by Judith Curry
On the politicization of ‘climate change’.
On my recent post Raw politics, I made the following remark re President Obama’s tweet:
‘Climate change is real’ is almost a tautology; climate has always changed and always will, independently of anything humans do.
A few hours after I posted this, the U.S. Senate provides some interesting news, summarized in this article by Andrew Freedman:
The Senate made history on Wednesday by overwhelmingly passing a non-binding “Sense of the Senate” resolution stating simply that “climate change is real and not a hoax.” Previous climate change-related non-binding resolutions were not supported by such large numbers.
In a development that seemed to surprise Democratic senators and environmental groups, the most prominent climate change contrarian in the Senate, Environment and Public Works Committee chairman James Inhofe, R-Okla., joined Democratic Sen. Sheldon Whitehouse of Rhode Island in co-sponsoring the climate amendment, which was offered during debate on a Keystone-XL Pipeline bill.
If Whitehouse’s amendment had included one additional word or phrase, such as “man-made,” it wouldn’t have drawn Inhofe’s support, or that of many of his Republican colleagues. Once he threw his weight behind it, the vote was a blowout, with senators voting 98-to-1 in favor. Sen. Roger Wicker (R-Miss.) was the sole “no” vote.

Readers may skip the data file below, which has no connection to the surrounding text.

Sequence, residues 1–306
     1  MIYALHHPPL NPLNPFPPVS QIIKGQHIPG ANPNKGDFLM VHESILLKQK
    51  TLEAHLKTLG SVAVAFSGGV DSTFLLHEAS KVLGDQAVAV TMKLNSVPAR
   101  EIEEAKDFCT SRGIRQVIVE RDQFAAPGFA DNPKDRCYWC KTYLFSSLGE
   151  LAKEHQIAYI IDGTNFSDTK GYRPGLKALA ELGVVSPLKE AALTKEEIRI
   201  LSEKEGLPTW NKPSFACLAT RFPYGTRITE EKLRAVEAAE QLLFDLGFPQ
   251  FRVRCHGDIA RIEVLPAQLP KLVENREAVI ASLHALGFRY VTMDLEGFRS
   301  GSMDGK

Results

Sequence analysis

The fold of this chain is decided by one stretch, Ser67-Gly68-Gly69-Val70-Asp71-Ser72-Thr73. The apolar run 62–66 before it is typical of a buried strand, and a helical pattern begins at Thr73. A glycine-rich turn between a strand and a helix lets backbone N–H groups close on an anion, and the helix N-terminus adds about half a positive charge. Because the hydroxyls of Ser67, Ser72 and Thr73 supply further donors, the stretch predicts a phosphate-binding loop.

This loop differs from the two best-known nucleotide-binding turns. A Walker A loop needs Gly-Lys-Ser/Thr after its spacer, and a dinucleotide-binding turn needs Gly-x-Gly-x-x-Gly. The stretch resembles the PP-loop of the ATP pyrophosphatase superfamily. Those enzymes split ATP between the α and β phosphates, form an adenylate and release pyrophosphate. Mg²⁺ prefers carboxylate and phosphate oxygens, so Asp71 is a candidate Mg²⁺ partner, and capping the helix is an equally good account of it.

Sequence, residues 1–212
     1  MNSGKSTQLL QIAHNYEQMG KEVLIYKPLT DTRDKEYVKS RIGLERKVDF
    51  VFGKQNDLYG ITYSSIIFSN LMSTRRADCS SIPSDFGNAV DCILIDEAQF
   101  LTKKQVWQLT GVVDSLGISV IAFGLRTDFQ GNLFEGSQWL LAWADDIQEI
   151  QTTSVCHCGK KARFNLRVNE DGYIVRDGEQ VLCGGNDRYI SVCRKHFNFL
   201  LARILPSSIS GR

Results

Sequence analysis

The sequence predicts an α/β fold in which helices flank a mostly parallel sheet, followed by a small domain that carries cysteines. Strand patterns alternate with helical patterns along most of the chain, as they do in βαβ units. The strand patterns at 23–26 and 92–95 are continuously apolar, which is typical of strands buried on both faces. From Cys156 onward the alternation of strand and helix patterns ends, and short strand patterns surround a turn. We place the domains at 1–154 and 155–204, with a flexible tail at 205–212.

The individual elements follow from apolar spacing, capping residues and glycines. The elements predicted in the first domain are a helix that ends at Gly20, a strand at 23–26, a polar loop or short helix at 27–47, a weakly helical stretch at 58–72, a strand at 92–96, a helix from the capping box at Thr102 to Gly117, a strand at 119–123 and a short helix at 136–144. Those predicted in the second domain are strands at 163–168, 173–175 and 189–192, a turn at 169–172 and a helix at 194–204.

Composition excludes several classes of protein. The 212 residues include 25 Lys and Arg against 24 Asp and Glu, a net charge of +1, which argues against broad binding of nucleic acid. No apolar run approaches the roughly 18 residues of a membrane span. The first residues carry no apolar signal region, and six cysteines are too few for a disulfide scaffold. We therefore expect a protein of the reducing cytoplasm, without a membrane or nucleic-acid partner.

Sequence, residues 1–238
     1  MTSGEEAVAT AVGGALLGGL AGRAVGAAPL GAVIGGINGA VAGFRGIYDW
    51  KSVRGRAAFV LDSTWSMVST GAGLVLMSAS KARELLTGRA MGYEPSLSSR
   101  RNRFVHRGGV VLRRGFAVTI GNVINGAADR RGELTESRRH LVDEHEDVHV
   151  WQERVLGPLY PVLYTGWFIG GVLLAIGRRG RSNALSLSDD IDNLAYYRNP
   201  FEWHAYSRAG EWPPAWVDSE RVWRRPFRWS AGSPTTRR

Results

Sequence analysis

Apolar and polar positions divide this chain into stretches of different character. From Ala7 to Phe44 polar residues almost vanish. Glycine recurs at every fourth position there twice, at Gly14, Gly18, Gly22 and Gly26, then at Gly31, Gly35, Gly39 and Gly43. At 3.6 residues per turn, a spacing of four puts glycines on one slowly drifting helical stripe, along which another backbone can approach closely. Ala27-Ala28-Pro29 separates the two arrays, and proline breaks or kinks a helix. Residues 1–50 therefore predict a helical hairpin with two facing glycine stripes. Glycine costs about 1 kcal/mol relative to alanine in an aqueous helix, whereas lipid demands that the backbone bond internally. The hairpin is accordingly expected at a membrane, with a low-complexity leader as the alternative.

Schatz’s amendment, which he said was intended to “restate the facts” on climate change, namely that “climate change is real and humans are contributing to it,” failed by a vote of 50 to 49.
The amendment included the language that “climate change is real; and human activity significantly contributes to climate change.” The word “significantly” was cited by Senate Energy Committee Chairwoman Lisa Murkowski, R-Alaska, as a reason for a no vote.
As per twitter, many are at a loss as to how the vote could be overwhelmingly ‘yes’ on the first statement, and fail on the second statement.
It all comes down to the definition of ‘climate change’. There is both a scientific definition and a political definition.
Scientific definition. Here is what the IPCC TAR says: Refers to a statistically significant variation in either the mean state of the climate or in its variability, persisting for an extended period (typically decades or longer). Climate change may be due to natural internal processes or external forcings, or to persistent anthropogenic changes in the composition of the atmosphere or in land use.
Political definition. Here is how the UNFCCC defines it : climate change is a change of climate which is attributed directly or indirectly to human activity that alters the composition of the global atmosphere and which is in addition to natural climate variability observed over comparable time periods.
Surprisingly, if you google ‘climate change definition’, the political definition wins out:
Oxford Dictionary: A change in global or regional climate patterns, in particular a change apparent from the mid to late 20th century onwards and attributed largely to the increased levels of atmospheric carbon dioxide produced by the use of fossil fuels.
Roger Pielke Sr had a 2012 post entitled What does ‘climate change’ mean? Does a lack of preciseness in its definition discourage effective discussion of the risks from climate on key environmental and societal resources? RP Sr. cites some additional definitions, but I found this excerpt from RP Jr to be particularly illuminating:
As written on page 145 of Climate Fix, in relation to the United Nations Framework Convention on Climate Change” definition,